Diesel engines have very specific lubrication requirements, and some diesel engines can place extreme demands on oil, so it's important to make sure that the oil chosen for your diesel engine is up to the job. There's also a number of other things to consider when thinking about oil in diesel vehicles.
It's important that the right oil is used in your diesel and that you don't mix brands or formulations. This means that you should never swap between or mix mineral oil and synthetic oil blends.
If a vehicle manufacturer specifies that only synthetic oil must be used, there is usually a very good reason for it. For instance, on some VAG group vehicles (VW, Audi, etc.) the high-pressure injection pump is driven by the engine via a sort of camshaft that requires a very high level of lubrication not to fail. No mineral oil formulation, no matter how advanced can provide the required level of protection, which means that using mineral oil where synthetic is required invariably leads to major failures on these VAG group vehicles.
While it is possible (but not recommended) to extend oil change intervals on most petrol engines, the lubrication demands of diesel engines are such that the oil in diesel engines degrades much faster and more completely than the oil in most petrol engines.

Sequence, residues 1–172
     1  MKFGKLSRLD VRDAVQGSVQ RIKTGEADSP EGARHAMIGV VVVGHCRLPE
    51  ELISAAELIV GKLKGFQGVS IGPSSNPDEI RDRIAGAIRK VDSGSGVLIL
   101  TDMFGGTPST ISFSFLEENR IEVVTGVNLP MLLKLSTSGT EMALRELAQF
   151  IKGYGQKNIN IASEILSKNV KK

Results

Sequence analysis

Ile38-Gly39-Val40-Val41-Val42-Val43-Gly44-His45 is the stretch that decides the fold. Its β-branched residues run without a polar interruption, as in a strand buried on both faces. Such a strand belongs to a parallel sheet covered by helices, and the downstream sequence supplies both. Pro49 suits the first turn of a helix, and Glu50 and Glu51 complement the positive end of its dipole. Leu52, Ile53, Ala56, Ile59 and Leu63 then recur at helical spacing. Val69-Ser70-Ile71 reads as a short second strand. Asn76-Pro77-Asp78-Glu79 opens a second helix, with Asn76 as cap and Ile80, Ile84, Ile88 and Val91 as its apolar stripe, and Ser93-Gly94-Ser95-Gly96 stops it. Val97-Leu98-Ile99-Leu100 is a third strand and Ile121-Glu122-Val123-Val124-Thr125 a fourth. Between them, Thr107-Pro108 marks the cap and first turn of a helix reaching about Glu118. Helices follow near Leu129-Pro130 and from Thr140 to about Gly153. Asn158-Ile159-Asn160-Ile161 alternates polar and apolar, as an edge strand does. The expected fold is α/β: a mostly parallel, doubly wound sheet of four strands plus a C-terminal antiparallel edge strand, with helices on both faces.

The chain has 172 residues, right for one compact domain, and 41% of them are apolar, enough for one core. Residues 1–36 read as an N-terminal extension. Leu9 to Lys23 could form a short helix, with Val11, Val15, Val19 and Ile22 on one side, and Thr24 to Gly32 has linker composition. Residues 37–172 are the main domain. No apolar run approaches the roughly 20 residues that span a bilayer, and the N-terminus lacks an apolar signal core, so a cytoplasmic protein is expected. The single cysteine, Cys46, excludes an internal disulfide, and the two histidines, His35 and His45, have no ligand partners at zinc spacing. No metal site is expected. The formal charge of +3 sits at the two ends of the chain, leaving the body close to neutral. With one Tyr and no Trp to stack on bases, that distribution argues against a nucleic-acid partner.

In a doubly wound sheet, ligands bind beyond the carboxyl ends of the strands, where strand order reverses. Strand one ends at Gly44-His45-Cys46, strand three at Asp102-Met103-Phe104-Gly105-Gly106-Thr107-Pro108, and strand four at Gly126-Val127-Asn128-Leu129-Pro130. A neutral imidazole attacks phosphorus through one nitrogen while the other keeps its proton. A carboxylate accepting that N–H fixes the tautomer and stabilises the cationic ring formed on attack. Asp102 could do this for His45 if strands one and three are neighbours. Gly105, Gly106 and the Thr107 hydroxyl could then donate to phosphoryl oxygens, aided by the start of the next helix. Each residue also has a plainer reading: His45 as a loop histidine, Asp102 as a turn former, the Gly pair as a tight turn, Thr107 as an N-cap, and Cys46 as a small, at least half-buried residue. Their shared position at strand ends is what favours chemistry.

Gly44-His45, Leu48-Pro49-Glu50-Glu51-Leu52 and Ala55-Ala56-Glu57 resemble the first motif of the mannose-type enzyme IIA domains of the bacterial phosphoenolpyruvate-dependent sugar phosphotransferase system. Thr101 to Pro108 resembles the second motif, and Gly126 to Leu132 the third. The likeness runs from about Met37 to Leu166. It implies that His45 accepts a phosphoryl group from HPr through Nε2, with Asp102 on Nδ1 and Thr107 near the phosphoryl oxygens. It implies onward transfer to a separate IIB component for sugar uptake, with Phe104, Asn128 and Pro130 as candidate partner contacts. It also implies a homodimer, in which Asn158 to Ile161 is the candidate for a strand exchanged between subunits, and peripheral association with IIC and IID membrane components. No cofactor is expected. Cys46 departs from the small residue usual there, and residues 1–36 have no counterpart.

What this means in practice is that if you exceed prescribed oil and oil filter change intervals, you begin to run the risk of running your engine on oil with a severely reduced capacity to provide adequate lubrication and protection against corrosion, mechanical wear, and sludge formation, which could lead to an expensive breakdown.
One of the dangers of over filling a diesel engine with oil is that the additional oil may come into contact with the spinning crankshaft, which will whip the oil either into foam, or sometimes, into a fine mist. Now, since the purpose of the PCV (Positive Crankcase Ventilation) system is to ventilate the crankcase by extracting the gases that form as a result of normal engine operation, some of the oil mist or foam will also be extracted and fed into the air intake system to be combusted along with the regular air/fuel mixture. While this might not affect combustion overly much, the additional hydrocarbon load will almost certainly have very serious negative effects on both the catalytic converter and the DPF (Diesel Particulate Filter), both of which are required to be in perfect working order to control exhaust emissions effectively.
If you have any questions about the right oil for your vehicle, contact your local Repco Authorised Service centre